“Very well. We hope nothing further of this nature will arise.”
Nick had left under the eagle scrutiny of the twenty directors. By the office clock he saw that he had been delayed an hour, and the clerk at the entrance desk stopped him.
“Mr. Cordy tried to phone you, Mr. Riordan. Said it was urgent. I said you were being interviewed and the Board left strict orders there be no interruption.”
Nick swore to himself. “Did he leave a message ?”
“No, Mr. Riordan. He seemed anxious, and said we must realise we had to fight for survival.” She looked puzzled. “I thought perhaps you would understand.”
So Sam knew, Nick thought with excitement. He could mean only that.
“Where was the call from ?” he asked quickly.
“Mr. Somers’ house, sir.”
He went out, irritated that the call had to come when he was before the Board. He would have given ten years of his life to have been there to answer Sam, he decided. If he had ten years . . . He wondered exactly how much Sam knew. It was galling to have missed him; yet wonderful to know he did not stand alone any longer.
He went home and ate. When they were drinking the coffee Niora looked across the table at him, her golden eyes puzzled.
“I rang up dad this morning.”
Nick felt his muscles tense. He put his cup down slowly.
“Yes ?” Those who did not know were safe, he thought. Did Niora know ?
“He seemed a trifle odd, Nick.” She frowned. “Nothing I could really put a finger on.”
“Odd ?” He tested the extent of her suspicion, hoping she knew nothing.
“Yes, Nick. He was coming round this evening and I wanted to ask what time. But he says now he isn’t coming.”
Nick felt relief like cool water through his veins. Apparently the being who had become Judge Henson did not want Niora to suspect: those who suspected had to be eliminated, and too many eliminations might cause enquiries. The smaller the circle was, the greater were chances of success. It would not require much deduction to decide that he would never tell Niora what he knew.
“Perhaps he was busy,” Nick breathed, and wondered how long the deception could continue. A time would come when the truth would out.
After the meal he rang up the project site and asked for Sam Cordy. He heard a connection put through to the co-ordination clerk.
“He’s not back, Mr. Riordan,” she said. “He reported urgent personal business but left no number where he might be contacted.”
Nick bit his lips. “Thanks. If he appears, have him ring me.”
“Certainly, Mr. Riordan.”
He sat in silence, wondering whether Sam was following some line on
his own. His eyes strayed to the clock. The new Alf Somers would be
going off duty within the hour. That left time, Nick decided. He would
go down to the little white and red house and investigate . . .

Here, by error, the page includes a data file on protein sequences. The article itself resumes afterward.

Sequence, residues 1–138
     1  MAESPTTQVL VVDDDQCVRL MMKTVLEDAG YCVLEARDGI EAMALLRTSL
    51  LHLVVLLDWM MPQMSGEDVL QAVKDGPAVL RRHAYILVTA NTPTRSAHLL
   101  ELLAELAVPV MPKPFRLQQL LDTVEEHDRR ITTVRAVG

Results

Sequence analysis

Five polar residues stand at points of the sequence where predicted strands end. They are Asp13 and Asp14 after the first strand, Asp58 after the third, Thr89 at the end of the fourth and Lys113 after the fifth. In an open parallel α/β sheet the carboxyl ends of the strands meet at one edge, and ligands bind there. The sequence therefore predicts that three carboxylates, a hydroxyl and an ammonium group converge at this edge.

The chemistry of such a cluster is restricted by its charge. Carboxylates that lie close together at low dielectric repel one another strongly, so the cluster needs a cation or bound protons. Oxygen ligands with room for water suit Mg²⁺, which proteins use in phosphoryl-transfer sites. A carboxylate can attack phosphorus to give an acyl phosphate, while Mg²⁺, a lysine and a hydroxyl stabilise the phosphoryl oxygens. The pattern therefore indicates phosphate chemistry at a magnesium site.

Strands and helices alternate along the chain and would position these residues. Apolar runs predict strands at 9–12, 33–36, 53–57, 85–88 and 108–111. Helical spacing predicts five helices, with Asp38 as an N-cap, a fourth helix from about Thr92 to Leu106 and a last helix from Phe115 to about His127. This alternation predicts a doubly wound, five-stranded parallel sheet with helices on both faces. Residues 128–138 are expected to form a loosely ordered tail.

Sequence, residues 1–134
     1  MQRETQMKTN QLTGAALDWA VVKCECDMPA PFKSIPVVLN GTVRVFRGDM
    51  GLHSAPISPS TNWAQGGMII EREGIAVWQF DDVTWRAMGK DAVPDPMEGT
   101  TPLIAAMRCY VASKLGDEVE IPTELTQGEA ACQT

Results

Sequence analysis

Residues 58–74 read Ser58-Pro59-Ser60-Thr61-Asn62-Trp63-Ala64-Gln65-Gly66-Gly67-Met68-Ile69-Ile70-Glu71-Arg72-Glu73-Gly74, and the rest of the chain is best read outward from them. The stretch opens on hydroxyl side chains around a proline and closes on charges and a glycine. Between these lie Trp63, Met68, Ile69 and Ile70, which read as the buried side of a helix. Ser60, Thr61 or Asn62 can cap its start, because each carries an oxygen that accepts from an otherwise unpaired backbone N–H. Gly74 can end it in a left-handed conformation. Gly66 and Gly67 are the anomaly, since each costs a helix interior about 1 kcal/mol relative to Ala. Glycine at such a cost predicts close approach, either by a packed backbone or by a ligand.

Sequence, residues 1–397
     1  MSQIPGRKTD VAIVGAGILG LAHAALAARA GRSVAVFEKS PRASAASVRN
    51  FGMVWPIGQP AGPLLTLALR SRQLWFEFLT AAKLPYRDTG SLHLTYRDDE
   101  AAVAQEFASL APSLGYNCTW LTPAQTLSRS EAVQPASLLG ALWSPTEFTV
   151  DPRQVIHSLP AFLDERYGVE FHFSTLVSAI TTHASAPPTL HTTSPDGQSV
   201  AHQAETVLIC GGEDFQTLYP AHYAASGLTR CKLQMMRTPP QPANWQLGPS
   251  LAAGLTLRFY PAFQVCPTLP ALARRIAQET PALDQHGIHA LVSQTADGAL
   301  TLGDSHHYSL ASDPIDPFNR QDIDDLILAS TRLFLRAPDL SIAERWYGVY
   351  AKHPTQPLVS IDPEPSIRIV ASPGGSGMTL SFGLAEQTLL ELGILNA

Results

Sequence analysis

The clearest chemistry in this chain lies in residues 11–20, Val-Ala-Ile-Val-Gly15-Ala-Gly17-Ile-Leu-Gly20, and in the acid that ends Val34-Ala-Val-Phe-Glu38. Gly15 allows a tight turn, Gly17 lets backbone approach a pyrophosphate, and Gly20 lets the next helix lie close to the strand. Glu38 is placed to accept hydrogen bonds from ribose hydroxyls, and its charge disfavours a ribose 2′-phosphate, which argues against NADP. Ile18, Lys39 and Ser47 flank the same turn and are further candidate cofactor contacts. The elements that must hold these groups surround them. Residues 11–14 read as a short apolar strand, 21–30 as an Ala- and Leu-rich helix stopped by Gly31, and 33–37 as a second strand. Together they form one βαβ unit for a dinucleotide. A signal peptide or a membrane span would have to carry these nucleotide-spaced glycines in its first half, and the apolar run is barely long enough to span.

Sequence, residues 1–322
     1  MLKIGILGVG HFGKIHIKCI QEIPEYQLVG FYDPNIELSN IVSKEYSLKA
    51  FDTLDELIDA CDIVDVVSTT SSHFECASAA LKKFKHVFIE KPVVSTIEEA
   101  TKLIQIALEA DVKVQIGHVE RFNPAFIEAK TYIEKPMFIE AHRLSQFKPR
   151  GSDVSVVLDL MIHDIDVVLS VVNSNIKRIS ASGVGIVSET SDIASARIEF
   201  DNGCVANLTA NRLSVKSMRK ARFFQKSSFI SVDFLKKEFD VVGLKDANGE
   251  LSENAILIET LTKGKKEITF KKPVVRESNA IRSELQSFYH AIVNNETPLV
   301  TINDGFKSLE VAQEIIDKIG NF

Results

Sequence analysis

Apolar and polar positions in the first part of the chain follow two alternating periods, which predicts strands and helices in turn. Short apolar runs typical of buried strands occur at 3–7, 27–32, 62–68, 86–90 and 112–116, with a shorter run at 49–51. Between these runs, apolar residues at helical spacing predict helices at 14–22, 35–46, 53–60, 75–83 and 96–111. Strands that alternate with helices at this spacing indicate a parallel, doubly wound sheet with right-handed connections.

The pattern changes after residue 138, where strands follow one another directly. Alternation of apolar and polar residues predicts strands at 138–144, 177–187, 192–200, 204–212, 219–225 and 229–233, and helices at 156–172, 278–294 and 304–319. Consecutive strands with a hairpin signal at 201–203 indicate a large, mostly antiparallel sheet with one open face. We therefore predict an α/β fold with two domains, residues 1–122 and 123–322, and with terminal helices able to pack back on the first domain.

Cool evening wind came down off the blue hills. The sun was gone, and the white and red house had drawn shadows closely about itself. Nick stopped the saloon behind thick elms and looked down across the slopes at the unlit windows. No smoke rose from the chimney; nor was there move- ment inside or in the garden, or on the gravel drive that came out to the road. It was lonely, he thought, not moving. Time was, when men had hastened to congregate in populous cities; but Alf Somers had preferred solitude — and that well suited those who had come.
He got out and went down along the road and quietly into the end of the gravel drive. Abruptly he wondered at the odd stillness. The air itself seemed to have become a vacuum that conducted no sound, and when he stepped through the gate his shoes on the gravel were like steel on crackling ice. Under the beeches soft turf cushioned his feet, and he went in a long curve towards the still house.
It was silent ; seemed empty. Behind the garden sloped down to a narrow strip of grass, ending in willows and a stream. He went under the willows, listening, and stopped. Below, gleaming in the water, was a pile of canisters. Looking down, he knew them to contain food. They were unopened and the manufacturer’s name gleamed up golden through the water. A tiny fear crept into being on his back; he looked behind, but the garden was empty. His gaze returned to the canisters. A little way below, sodden in the water, were three loaves. He bent down to stare, and tiny fish flicked from them away into reeds.
He straightened, and knew that his face was white. The grocer who had supplied Alf Somers made his deliveries as usual — but those who had come did not need such food. Bent plants showed where the new Alf Somers had passed down from the house, carrying the unwanted food to the stream.
Chilled, Nick went slowly among the trees towards the house. He remembered what Sam Cordy had phoned so urgently. The time had come when man must again fight for survival. Man was no longer the creature best adapted and superior. Time was, when he had been that. But things had changed. And how few knew, Nick thought uneasily; so insidious was the enemy, people did not know, nor would believe, that an enemy had indeed come.